Before Clarkson started his first tour of the country he already had a good understanding of the history of the slave trade.
Before you start your tour think about what you learnt from UNIT 1.

Make sure you can answer the following questions:



  • Who was involved in the slave trade?

  • Why did the slave trade grow?

  • How did the slave trade operate? Can you explain the slave triangle?

  • Who benefited from the slave trade?

  • What motivated people to take part in the slave trade?

  • Why was the slave trade so profitable?


STEP 2: KNOW YOUR ENEMY

Clarkson faced a lot of opposition. The slave traders had friends in high places. Members of the royal family and some bishops were against abolishing the slave trade. Many people were making a great deal of money from the slave trade and they did not want it to stop. This made Clarkson’s work was very dangerous. Most of his meetings with informants had to take place secretly in darkness. Slave traders and sailors often threatened Clarkson. On a visit to Liverpool he had a lucky escape from a gang of sailors paid to assassinate him.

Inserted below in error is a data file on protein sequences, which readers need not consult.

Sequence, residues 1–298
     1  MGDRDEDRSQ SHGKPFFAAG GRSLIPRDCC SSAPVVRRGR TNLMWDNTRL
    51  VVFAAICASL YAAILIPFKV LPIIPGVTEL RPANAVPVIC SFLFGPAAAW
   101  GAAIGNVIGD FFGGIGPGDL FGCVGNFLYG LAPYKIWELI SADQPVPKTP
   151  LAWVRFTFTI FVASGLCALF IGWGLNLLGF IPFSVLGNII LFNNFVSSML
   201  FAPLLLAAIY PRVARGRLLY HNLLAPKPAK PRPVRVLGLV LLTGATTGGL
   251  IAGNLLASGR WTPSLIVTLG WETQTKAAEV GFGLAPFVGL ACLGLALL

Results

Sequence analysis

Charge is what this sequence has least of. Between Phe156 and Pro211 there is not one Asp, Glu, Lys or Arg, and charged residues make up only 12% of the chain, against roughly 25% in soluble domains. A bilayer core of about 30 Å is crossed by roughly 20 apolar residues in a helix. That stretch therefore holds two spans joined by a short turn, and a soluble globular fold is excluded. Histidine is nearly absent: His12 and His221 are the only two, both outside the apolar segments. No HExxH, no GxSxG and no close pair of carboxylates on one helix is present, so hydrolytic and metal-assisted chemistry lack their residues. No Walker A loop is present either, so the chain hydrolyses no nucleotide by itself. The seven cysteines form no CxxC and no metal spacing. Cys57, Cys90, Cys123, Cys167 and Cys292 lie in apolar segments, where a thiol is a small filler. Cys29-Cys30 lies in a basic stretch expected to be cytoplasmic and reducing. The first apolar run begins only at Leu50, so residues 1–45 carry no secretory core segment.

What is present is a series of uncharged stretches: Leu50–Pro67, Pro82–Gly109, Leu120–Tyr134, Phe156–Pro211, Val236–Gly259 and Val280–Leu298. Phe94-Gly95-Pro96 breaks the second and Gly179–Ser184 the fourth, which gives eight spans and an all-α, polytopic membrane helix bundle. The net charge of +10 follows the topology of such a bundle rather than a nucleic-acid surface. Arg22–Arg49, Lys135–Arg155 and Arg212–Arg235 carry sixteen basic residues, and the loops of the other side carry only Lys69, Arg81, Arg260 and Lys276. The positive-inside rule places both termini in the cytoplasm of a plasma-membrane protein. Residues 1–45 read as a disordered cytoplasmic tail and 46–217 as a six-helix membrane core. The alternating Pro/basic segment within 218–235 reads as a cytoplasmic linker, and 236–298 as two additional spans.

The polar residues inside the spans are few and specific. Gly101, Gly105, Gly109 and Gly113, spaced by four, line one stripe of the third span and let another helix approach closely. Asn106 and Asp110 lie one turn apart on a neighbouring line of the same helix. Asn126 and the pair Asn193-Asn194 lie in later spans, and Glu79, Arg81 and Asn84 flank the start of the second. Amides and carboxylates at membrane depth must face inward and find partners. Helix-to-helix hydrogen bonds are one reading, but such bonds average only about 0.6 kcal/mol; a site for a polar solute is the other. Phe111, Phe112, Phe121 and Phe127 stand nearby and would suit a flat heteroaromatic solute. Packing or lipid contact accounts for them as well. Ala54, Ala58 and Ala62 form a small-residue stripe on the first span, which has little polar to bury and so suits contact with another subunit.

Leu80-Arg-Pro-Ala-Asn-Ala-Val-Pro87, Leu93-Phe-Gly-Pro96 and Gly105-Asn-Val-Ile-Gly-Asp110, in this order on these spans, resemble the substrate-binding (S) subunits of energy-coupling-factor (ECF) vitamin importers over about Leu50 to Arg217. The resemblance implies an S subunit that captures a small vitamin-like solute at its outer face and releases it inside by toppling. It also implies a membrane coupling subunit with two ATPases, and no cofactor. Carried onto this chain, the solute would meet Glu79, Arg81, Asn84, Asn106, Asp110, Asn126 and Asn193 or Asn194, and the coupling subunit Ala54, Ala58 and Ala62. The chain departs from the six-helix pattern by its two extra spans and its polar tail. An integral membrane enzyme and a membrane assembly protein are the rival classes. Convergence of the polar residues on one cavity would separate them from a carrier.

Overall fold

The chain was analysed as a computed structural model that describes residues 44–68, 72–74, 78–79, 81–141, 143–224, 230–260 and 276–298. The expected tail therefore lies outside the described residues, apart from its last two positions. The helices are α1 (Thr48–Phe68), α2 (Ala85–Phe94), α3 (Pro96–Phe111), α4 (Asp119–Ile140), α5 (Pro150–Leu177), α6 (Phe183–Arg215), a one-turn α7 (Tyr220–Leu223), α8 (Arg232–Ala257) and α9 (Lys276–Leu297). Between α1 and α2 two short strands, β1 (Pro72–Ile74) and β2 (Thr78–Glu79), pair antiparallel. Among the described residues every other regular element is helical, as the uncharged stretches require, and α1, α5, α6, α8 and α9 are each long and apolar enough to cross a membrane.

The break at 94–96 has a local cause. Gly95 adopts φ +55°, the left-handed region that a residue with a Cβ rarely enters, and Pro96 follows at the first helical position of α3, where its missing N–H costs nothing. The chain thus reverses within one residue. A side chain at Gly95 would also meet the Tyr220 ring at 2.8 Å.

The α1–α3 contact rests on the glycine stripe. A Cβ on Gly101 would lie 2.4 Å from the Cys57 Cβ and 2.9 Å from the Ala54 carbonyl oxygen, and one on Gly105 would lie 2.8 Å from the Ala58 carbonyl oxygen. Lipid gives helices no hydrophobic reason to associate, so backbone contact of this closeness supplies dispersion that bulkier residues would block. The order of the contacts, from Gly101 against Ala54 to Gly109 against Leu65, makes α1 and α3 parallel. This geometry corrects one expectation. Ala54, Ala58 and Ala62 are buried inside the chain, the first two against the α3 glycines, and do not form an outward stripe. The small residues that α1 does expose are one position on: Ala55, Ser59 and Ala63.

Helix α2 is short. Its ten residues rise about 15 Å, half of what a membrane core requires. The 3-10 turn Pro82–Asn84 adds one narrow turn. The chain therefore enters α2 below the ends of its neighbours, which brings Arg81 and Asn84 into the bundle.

It also made Clarkson’s work very difficult. The slave traders could spend a lot of money on their campaign to STOP the slave trade being abolished. You need to know the arguments they put forward to defend the slave trade before you begin your tour and try and find evidence to defeat them. Look at the information box and the sources below. Match each Source to an argument put forward to defend the slave trade.
S
ARGUMENTS PUT FORWARD TO DEFEND THE SLAVE TRADE


  1. Most slaves were already prisoners of war. They would have been killed anyway. Most slaves were already prisoners of war. They would have been killed anyway.